Close to 5 years after Bristol-Myers Squibb farmed out the c-MET inhibitor BMS-777607 to Singapore-based Aslan, the Big Biotech has seen enough early-stage data to warrant buying it back. Aslan is handing the drug along with its Pacific Rim rights for $10 million upfront and another $50 million in milestones, plus royalties.
The original deal back in 2011 was billed as a risk-sharing option: Aslan got development and regional commercialization rights for a drug that Bristol-Myers would continue to own in the rest of the world. It took awhile, but little Aslan completed a Phase I program, concluding that the drug had some real potential as demonstrated against plasma biomarkers and adding RON as a target. “Inhibition of RON resulted in suppression of plasma C-terminal telopeptide (CTX) levels, an established biomarker of osteoclast activity,” notes Aslan on its web site.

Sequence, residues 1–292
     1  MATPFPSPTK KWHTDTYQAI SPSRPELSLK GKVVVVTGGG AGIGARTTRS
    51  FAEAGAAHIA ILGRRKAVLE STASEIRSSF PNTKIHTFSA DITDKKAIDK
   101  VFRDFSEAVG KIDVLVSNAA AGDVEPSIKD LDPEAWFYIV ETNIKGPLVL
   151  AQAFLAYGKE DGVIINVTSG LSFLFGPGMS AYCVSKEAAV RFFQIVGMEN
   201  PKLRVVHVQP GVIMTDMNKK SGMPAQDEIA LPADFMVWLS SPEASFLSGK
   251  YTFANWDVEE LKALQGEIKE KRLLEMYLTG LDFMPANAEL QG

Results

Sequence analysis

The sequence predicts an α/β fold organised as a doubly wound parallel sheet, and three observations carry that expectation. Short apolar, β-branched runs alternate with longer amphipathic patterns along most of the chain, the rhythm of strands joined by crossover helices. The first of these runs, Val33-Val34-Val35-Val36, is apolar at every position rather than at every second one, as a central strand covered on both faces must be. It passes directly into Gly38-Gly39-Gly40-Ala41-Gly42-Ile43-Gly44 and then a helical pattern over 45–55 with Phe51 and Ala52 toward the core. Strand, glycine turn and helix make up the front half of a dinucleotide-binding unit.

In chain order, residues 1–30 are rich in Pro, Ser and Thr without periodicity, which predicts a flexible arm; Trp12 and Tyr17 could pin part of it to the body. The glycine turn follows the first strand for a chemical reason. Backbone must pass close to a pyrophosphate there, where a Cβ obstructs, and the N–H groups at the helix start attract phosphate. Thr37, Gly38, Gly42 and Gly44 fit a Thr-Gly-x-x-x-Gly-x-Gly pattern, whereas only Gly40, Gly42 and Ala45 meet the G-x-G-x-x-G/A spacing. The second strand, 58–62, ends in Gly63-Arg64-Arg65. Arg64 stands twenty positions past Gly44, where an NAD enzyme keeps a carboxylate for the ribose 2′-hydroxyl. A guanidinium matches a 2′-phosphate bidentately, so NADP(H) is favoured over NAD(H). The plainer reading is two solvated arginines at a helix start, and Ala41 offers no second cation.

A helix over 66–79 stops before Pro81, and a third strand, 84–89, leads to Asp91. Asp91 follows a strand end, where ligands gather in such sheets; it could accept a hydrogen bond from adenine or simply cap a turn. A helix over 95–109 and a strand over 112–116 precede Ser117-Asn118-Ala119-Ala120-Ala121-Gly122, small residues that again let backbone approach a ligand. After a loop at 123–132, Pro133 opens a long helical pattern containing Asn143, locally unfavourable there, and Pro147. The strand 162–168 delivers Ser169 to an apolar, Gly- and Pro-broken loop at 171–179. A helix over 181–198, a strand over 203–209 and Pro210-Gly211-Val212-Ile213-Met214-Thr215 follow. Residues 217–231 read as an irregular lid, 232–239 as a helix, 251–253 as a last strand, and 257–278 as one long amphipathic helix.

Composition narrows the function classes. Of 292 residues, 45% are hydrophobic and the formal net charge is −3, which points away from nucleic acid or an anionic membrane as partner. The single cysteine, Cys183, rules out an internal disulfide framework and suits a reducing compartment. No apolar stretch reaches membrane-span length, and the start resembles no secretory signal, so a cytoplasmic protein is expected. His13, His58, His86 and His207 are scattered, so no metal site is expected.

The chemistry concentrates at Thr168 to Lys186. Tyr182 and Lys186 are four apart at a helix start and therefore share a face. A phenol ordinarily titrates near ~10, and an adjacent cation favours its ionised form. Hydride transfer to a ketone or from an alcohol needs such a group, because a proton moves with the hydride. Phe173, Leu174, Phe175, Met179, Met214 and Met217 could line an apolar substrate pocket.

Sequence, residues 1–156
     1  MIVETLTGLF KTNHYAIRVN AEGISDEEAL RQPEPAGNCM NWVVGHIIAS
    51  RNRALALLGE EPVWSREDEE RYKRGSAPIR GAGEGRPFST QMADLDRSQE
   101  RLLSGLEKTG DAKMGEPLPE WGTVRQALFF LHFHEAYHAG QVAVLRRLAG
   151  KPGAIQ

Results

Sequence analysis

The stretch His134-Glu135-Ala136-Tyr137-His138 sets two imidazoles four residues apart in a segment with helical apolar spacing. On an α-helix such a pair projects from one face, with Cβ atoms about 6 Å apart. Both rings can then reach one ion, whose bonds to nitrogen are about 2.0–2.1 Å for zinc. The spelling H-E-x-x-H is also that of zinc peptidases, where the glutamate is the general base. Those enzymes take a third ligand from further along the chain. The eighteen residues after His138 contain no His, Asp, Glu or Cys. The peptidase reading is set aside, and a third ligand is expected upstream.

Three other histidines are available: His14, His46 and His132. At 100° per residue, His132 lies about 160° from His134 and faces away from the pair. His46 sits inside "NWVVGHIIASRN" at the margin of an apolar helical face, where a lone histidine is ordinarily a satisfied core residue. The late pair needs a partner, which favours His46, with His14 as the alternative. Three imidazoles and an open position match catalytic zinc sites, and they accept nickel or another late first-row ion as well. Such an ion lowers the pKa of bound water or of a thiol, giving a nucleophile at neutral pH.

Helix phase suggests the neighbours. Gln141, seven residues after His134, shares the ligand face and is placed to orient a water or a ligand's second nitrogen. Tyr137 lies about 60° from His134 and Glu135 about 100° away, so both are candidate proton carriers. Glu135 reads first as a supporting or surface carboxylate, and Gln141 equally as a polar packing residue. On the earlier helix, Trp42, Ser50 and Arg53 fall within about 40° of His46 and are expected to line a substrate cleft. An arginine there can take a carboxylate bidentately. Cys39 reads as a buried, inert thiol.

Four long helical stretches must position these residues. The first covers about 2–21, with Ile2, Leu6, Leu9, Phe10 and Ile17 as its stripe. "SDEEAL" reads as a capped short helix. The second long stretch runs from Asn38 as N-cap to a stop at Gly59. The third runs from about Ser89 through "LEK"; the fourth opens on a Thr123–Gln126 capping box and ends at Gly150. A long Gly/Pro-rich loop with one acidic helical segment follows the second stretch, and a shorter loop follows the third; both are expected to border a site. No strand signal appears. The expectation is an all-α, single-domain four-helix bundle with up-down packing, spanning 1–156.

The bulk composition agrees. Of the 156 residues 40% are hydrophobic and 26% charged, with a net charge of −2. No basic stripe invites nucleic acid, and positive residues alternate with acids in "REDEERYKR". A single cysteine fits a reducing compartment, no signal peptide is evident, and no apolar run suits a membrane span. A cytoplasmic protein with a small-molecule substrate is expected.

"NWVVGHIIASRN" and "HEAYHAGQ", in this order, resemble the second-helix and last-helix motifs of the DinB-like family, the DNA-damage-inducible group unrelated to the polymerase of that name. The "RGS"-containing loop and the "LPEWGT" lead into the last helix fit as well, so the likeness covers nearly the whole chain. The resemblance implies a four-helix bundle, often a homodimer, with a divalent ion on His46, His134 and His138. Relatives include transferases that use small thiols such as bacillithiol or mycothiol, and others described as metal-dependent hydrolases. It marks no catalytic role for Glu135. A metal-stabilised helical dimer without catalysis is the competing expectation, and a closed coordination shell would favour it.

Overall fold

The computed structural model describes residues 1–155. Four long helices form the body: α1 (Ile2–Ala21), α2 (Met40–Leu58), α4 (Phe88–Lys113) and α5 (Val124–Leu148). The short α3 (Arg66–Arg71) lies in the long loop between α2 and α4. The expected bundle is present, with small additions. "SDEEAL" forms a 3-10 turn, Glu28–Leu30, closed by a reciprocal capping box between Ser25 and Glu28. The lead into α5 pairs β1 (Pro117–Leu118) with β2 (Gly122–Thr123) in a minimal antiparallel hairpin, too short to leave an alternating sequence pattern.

In one study in 2014, investigators concluded that the drug plus the little known mTOR inhibitor AZD8055 appeared to be particularly effective against cancer stem cells, a hot target in the oncology field.
This was Aslan’s number two drug in its small pipeline, behind its lead therapy varlitinib, a pan-HER inhibitor of EGFR now in several Phase II studies.
A lot has changed at Bristol-Myers since it did its original deal with Aslan. Checkpoint inhibitors became the primary focus, as the company dived head first into immuno-oncology. It took an early lead in the checkpoint market with Opdivo, but recently encountered some fierce headwinds when its ambitious attempt to go after non-small cell lung cancer failed in Phase III.
Aslan has raised more than $100 million to date, including a $23 million round in July that was described as a “pre-IPO” fundraising. The Asian syndicate included Taiwan institutional funds, TopTaiwan, KGI VC and Ta Ya Ventures, as well as several international institutional funds, Milestone Capital, Daiwa Taiwan-Japan Biotech Fund and China Galaxy.
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